Review written for Trespass Magazine – April 8th, 2009
For all the modernity which the Sydney Theatre’s foyer architecture seems to promise, the theatre inside is actually devoid of any sort of visual interest. It is black with black fringes, and a distinct cloud of fog hangs in the sightlines from the dress circle. An empty stage can be threatening, even overwhelming, for any kind of performance and there is a desire to fill the space with props but Bonachela resists the temptation (or, perhaps, the weakness) and uses the space to alienate and draw focus. He is not frightened of a void, and Daniel Askill’s star scapes projected on the back wall do nothing if not enhance the feeling of great emptiness and in that emptiness, potential for something amazing. The show is at its best when the whole stage is used, with space in between two or four dancers. The ‘tighter’ staging lacks the storytelling quality which some of the solo and duet sections included so brilliantly.
Jordan Askill’s costume design played into Bonachela’s evolutionary concept by unifying the dancers into a human collective, with no leaders or differences. However, the performances of a few dancers in particular escaped anonymity in a way which was truly breathtaking. First, Juliette Barton showcased extensive manipulations of the tall female form, with Bonachela using her height to his advantage. Her body moved as smoothly as a ballerina one moment, and contorted itself the next. Secondly, Kynan Hughes showed amazing control of his body, moving from electric convulsion to sensuality in a steady but confronting physical evolution and finally, Amy Hollingsworth must be mentioned purely for the facial expressions which, although easily lost in a group performance, illustrated a performer in touch with her character on an emotional level. These three dancers all stood out for the same reason, they were truly convincing. We believed Juliette as the lofty animal taking shape, Kynan as the man moving from beast to Romeo, and Amy as the tortured and enraptured lover.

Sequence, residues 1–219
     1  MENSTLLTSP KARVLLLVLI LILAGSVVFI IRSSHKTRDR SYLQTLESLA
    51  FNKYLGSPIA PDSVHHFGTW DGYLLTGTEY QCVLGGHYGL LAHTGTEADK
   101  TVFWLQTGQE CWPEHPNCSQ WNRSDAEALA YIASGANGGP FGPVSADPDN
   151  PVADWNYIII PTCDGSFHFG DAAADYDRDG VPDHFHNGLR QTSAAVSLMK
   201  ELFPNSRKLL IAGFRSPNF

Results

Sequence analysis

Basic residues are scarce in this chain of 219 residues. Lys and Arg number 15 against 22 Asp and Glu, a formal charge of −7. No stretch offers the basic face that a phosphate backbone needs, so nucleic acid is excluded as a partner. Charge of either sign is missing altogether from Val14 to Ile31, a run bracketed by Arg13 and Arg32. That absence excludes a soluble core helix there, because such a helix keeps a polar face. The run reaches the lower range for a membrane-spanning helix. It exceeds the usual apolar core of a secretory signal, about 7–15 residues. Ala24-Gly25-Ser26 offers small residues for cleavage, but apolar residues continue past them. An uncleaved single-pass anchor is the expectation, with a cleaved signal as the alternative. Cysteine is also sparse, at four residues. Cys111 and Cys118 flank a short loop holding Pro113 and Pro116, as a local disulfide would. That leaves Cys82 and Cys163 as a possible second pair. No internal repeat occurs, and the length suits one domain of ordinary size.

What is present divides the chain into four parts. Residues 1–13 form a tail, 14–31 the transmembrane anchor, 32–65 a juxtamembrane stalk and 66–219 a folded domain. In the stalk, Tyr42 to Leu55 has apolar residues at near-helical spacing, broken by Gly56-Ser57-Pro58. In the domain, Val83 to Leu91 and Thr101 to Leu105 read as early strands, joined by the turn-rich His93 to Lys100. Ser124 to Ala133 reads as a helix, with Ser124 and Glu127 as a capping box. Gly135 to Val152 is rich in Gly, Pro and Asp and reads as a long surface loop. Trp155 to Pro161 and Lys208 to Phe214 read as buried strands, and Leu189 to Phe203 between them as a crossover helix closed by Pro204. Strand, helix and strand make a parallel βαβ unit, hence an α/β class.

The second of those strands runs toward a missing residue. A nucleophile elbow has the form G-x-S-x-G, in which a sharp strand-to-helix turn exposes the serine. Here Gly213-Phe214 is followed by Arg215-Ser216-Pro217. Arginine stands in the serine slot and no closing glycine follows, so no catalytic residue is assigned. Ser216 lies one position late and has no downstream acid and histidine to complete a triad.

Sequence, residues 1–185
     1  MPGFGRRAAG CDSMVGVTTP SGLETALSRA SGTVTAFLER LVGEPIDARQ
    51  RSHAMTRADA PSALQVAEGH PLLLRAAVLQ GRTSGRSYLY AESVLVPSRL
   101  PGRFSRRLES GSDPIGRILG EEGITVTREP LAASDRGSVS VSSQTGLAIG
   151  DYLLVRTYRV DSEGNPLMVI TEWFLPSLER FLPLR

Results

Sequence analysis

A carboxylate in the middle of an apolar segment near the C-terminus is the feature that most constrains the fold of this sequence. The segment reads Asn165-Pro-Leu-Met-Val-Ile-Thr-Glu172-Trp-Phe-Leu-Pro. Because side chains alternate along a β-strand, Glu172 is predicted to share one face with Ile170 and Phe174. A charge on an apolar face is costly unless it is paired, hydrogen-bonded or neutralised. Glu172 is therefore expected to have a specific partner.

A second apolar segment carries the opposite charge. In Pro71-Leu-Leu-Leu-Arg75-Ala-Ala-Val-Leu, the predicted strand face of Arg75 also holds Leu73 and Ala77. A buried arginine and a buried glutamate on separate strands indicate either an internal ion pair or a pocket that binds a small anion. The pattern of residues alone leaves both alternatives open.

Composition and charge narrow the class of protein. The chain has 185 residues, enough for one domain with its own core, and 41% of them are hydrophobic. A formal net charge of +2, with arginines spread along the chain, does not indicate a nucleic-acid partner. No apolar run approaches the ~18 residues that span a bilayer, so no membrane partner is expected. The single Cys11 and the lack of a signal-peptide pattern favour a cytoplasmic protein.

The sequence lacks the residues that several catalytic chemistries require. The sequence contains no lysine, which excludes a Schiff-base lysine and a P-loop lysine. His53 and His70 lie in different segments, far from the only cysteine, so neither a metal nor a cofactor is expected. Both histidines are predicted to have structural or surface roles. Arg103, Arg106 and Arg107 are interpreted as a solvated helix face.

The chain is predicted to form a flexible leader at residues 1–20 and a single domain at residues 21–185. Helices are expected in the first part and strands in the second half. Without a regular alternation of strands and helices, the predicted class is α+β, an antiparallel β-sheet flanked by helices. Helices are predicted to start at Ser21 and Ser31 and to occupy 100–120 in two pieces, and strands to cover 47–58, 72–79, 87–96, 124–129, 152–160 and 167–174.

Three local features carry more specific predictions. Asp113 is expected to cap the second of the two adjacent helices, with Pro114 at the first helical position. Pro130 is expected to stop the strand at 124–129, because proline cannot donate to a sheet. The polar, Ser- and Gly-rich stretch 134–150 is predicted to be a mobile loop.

Without giving away too much, we unfold manages to play off the double meaning of its title by showing us the unfolding of human kind, shaking and struggling free to walk on its hind legs, and the desecration that human beings can cause one another. At the outset, I felt that perhaps Bonachela’s choreography was intended as the antidote to a young Australian culture, trying to mark its territory, but the piece is as much about dissonance as it is about unity. The characters move across the stage with a sense of liquidity, dragged limb for limb as if there were no option but to be together. But for every three times a man is caught by his brother, there is a time he is left to fall.
Rafael Bonachela’s we unfold is an incredible showcase of physical ingenuity and encapsulating aesthetics; the hour-long performance luring us through the creation and dismantling of a universe; crying and laughing in human dissonance and unity.